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CANAL WILL HELP
But It Will Not Contribute as
Much as Is Believed, Says
THE ROCK ISLAND ARGUS, TUESDAY, OCTOBER 28,-1913.
Mobile, Ala.. Oct 28. Conceding
the vast benefits that will accrue to
commerce through the opening of the)
Panama canal. Secretary Daniels told J
delegates to the Southern Commercial :
congress lan night that the opening ;
would not double the efficiency of the '
Jiavy. He denied claims that the fur-;
thcred mobility of the fleets would 1
udd io much to the sea power of the'
United Stales. lie acknowledged,
however, that such mobility would
render the navy much more efficient.
"During the long campaign to in
jure the American people to pay the
millions necessary to construct an
isthmian canal," said the secretary,
"one of the strongest arguments for
the large expenditure was that such
a canal would double the efficiency of
the navy. We were told also that
it would make for efficiency In the
trn'y and make the United States the
Jlcta'or of the Western Hemisphere'
tnd the mistress of the. seas.
"Now that the canal Is near I eg com
pletion and the day is near at hand
a hen ships will sail from San Fran
cisco to the Caribbean In about 240
hours, as against 1,824 hours It took
the Oregon to sail around Cape Horn,
we are told that the building of the
ranal demands twice as large a nary
as formerly and that control of the
canal demands a large standing army
ou the Isthmus."
Secretary Daniels referred to the
declaration of fount Maurice de
1'erlgny, a celebrated French explor
er, that "this gigantic and remarkable
work of the Vnited States is insuffi
ciently protected In military sense."
The Frenchman calculated that 25.000
men would be barely sufficient to
guard the waterway.
"Hut In these statements," Secre-I
tary Daniels continued, "as in almost
all other things, the truth lies between!
two extravagant assertions. The ca-l
nal will not double the effectiveness !
of our navy, but It will greatly In-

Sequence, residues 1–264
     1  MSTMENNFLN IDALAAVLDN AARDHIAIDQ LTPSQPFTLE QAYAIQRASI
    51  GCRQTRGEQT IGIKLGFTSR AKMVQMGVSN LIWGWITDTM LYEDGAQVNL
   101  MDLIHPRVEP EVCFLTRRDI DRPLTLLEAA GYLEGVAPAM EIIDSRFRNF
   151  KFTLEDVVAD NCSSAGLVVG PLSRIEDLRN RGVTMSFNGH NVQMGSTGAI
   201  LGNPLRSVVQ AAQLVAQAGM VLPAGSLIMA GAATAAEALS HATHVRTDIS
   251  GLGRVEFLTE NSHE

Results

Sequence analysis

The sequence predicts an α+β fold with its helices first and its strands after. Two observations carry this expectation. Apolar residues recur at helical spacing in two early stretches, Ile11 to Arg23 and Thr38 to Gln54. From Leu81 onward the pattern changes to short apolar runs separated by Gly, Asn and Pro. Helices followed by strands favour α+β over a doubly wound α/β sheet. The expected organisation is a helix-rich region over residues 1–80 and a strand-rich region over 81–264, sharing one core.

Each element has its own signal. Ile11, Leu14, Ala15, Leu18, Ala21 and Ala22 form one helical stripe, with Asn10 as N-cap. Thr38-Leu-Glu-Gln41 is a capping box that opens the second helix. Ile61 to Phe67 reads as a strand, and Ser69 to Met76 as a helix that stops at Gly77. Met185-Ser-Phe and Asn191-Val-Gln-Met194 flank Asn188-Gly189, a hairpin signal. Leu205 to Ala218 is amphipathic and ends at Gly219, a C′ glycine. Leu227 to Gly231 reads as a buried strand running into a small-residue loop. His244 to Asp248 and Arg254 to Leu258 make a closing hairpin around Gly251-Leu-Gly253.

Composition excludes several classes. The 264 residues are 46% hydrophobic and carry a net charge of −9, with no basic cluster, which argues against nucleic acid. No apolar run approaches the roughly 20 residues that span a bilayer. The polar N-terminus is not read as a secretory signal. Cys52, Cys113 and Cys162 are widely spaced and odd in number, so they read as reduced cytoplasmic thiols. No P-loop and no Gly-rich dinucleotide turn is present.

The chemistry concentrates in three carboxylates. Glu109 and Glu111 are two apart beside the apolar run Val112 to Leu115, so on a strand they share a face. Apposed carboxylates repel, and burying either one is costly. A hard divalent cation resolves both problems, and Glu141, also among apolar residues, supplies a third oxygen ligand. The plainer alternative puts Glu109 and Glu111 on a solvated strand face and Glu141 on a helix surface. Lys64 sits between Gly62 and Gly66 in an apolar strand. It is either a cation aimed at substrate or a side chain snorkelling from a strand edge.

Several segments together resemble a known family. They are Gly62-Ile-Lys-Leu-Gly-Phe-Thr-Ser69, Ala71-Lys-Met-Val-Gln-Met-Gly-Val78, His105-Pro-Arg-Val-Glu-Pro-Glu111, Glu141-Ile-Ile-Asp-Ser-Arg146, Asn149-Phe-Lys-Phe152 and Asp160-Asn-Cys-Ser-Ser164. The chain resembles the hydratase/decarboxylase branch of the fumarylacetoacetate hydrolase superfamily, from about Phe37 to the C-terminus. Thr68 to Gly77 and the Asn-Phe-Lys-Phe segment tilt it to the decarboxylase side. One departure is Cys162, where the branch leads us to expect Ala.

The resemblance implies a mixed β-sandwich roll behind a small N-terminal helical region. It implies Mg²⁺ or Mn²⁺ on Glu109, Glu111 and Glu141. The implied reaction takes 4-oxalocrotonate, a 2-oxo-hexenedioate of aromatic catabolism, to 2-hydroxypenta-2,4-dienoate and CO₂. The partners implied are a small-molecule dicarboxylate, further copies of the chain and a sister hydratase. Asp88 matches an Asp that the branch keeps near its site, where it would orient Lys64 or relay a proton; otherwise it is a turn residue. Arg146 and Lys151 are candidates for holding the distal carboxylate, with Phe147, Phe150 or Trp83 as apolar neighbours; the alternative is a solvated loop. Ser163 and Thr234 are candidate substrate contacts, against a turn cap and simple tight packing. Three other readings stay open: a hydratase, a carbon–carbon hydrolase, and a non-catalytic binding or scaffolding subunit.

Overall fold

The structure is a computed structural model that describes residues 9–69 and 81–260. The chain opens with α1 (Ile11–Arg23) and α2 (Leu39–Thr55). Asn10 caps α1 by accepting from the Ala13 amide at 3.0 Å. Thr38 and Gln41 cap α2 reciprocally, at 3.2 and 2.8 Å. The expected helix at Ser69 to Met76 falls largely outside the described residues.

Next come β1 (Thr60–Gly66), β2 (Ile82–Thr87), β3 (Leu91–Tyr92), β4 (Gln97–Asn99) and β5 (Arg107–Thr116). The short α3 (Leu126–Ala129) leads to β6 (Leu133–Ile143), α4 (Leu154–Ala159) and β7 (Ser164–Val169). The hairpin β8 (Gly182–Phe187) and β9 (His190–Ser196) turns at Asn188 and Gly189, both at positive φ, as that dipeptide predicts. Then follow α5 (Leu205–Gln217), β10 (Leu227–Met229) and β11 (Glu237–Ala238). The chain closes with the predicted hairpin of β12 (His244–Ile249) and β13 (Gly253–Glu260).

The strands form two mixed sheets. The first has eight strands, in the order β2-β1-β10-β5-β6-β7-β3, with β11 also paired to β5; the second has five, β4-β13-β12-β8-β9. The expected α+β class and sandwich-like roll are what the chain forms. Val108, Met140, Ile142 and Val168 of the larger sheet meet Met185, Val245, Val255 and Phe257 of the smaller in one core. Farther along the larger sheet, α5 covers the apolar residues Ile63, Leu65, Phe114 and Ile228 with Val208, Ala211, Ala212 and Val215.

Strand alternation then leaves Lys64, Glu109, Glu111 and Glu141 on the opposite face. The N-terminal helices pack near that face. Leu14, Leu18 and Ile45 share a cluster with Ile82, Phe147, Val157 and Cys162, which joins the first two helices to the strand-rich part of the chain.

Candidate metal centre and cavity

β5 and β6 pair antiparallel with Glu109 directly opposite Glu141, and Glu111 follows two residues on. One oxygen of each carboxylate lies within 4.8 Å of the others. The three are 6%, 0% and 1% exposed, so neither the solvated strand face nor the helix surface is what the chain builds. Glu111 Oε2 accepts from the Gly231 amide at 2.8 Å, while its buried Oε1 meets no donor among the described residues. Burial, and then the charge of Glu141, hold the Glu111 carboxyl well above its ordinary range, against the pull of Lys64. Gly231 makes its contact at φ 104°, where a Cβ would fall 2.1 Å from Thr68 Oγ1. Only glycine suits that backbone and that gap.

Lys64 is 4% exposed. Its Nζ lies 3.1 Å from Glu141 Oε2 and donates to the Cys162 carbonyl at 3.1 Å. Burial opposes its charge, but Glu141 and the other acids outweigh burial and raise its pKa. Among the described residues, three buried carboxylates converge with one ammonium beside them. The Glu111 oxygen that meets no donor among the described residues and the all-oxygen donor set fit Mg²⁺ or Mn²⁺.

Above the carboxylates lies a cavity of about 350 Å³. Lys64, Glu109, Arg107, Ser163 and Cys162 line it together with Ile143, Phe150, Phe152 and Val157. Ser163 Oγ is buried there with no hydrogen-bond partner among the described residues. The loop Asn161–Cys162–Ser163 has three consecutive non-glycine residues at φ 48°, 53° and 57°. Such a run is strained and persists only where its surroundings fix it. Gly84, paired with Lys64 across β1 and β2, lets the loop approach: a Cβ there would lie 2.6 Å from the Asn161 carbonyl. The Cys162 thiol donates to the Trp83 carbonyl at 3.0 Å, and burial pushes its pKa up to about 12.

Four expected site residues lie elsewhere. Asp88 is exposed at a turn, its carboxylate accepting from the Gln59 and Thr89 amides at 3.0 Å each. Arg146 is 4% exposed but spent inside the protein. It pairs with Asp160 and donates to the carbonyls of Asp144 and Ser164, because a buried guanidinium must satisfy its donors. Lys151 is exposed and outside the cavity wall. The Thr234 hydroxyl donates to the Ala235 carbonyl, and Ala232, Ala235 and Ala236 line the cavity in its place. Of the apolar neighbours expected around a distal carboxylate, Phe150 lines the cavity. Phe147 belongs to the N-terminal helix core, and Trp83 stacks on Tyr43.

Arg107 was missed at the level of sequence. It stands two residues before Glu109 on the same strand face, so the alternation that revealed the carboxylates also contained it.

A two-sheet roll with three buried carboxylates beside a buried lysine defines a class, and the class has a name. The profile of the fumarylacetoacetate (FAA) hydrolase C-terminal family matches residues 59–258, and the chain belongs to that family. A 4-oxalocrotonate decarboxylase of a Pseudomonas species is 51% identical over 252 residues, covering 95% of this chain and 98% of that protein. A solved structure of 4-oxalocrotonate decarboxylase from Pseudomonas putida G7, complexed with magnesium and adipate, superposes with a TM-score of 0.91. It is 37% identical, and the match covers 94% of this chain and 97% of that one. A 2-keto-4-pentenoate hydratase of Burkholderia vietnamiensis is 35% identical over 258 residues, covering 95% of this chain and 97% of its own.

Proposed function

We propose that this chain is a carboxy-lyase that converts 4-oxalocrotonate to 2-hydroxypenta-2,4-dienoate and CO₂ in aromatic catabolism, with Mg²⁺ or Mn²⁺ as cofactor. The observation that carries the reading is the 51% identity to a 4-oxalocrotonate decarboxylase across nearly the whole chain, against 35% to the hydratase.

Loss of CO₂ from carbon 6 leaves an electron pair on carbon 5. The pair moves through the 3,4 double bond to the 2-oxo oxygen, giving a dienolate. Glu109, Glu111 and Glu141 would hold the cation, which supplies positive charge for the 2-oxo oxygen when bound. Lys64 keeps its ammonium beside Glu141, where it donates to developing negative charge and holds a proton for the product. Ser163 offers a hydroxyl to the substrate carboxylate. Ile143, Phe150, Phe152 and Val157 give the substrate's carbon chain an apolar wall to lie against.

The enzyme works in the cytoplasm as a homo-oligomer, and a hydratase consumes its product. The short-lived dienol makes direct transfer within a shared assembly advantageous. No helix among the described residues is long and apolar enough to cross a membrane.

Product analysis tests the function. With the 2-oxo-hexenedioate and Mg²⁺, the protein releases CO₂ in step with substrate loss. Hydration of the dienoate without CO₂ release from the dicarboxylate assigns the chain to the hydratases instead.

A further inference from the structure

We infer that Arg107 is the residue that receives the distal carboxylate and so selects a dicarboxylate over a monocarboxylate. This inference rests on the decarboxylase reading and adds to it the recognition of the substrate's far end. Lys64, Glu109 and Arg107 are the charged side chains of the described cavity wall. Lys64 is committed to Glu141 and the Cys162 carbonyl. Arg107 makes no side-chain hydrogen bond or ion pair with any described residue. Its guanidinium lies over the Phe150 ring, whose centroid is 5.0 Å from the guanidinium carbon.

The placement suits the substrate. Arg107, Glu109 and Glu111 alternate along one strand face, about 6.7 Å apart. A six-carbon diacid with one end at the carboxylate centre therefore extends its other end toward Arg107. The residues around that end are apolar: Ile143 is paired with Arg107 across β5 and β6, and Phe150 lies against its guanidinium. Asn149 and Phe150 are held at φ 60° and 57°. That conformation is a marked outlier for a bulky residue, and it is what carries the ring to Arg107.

crease Its ability to defend every part
of the coast on the Pacific as well
as on the Atlantic. It will not vlr-;
ttially multiply the numbers of the:
nrn'r. It will make necessary fortl-'
flcations and troops, but it need not
be neprly so expansive or require one
hnlr m many troops as our distin
guished Frenchman predicts.
"No great achlevenjcut conies with
out sacrifice and cost, but the benefits!
to It derived will be worth the mod-j
rate coBt Its protection and operation!
will require In all the years to come, J
and with the expansion of trade the'
benefits w ill Increase an hundred fold i
whereas the expense will remain prac
"The Panama canal is a mammoth
carving knife that cuts and slashes i
distances In a record breaking way. i
And cutting and slashing the dis
tances between New York and San
Francisco means to revolutionize na
val, as well as commercial conditions.'
The military significance of the canal
of course is that It enables the quick
movement of the fleet In either ocean
to the other In time of war.
"It will be the most vital chord in
1hat system of transference by which
the navy of the United States can
come promptly to the support on
either coast of the local defenses. With
a competent navy, and with the canal
secured, not merely as to tenure, but
wlih guns of such range ns to insure
deployment In the open sea at either
end - a necessary condition of all sea
coast fortifications Invasion will not
lie a'ttempted, for it can lead to no
adequate results. Without the canal
It would require four months for an
Atlantic fleet to round Cape Horn into
the upper Pacific: with the canal It
will require less than four weeks."
Secretary Daniels, referring to
Spanish-American war days, lauded
the battleship Oregon's hazardous
trip of 13.4ii0 miles in record breaking